Extensions #

Extensions are a mechanism that enables reusing concepts or parts of them. While Varv supports the merging of concept definition files to extend functionality, this is sometimes not flexible enough, for instance, when some properties or actions should be used by multiple concepts. It is, further, not possible to combine multiple concepts easily.

To support a more flexible mechanism for reusing concepts, Varv offers four extension operators: "inject", "join", "omit", and "pick". In brief, they support the following:

Extension Description
"inject" This operator takes one or multiple source concepts and one target concept, and injects the source concepts into the target concept, leaving the source concepts unaltered.
"join" This operator takes two or more source concepts and merges their schema and actions, creating a new target concept.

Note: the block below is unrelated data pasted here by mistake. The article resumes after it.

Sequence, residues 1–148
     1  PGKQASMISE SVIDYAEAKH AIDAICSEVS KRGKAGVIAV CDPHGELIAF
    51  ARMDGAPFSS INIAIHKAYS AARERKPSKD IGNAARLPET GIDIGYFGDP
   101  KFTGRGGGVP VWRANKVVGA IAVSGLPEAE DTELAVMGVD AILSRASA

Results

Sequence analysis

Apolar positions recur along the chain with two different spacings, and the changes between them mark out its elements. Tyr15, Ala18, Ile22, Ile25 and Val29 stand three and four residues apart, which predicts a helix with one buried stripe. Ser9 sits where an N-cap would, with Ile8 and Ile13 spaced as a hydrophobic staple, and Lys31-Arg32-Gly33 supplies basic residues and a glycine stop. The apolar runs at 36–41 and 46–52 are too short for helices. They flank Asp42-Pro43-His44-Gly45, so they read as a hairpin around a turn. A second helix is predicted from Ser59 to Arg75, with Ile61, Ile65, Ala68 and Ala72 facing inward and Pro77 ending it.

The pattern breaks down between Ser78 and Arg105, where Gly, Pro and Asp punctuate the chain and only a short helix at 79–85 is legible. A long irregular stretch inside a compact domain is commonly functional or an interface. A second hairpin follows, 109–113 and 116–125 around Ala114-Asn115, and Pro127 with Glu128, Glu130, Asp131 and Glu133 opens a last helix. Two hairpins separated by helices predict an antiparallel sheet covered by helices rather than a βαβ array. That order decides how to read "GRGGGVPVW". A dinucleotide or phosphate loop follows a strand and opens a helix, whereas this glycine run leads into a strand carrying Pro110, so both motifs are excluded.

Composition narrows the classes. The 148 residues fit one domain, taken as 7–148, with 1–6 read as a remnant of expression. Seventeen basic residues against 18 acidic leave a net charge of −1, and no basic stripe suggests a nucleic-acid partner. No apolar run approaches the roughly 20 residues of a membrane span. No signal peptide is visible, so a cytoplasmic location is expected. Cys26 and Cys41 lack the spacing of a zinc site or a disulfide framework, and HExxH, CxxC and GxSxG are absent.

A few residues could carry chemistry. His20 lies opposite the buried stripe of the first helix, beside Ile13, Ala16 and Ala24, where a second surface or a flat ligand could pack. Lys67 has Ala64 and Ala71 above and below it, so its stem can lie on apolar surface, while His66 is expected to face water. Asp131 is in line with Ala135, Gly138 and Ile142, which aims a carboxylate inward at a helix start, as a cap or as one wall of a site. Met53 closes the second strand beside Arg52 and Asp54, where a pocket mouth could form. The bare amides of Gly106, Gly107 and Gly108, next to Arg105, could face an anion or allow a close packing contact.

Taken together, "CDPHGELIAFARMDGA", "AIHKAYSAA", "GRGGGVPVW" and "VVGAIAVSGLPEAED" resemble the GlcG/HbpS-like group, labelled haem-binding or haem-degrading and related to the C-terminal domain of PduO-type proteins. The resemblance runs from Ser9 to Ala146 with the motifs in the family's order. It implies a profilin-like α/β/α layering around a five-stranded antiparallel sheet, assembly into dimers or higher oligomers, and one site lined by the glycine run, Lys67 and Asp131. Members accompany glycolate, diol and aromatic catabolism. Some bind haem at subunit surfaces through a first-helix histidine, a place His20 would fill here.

"omit" This operator takes an source concept and removes schema or actions from it.
"pick" This operator takes an source concept and selects a subset of its schema and actions to create a new target concept, leaving the source concept unaltered.

These extension operators, for instance, allow to create mixins that can be reused in multiple other contexts.

Extensions List: A detailed list of each of the extension operators and their use is described in the Extensions section.

Location in Concept Definitions #

Extension operators are placed inside an "extensions" object that can either reside in the root object or inside a named concept. Inside the "extensions" takes an array of extensions:

{
    "concepts": {
        "todo": {
            "schema": { "label": "string" },
            "extensions": {
                "inject": [ "completable" ]
            }
        },
        "completable": {
            "schema": { "done": "boolean" },
            "actions": {
                "toggleDone": {
                    "when": { "click": "completable" },
                    "then": { "toggle": "done" }
                }
            }
        }
    },
    "extensions": [
        { "concept": "todo", "inject": "completable" }
    ]
}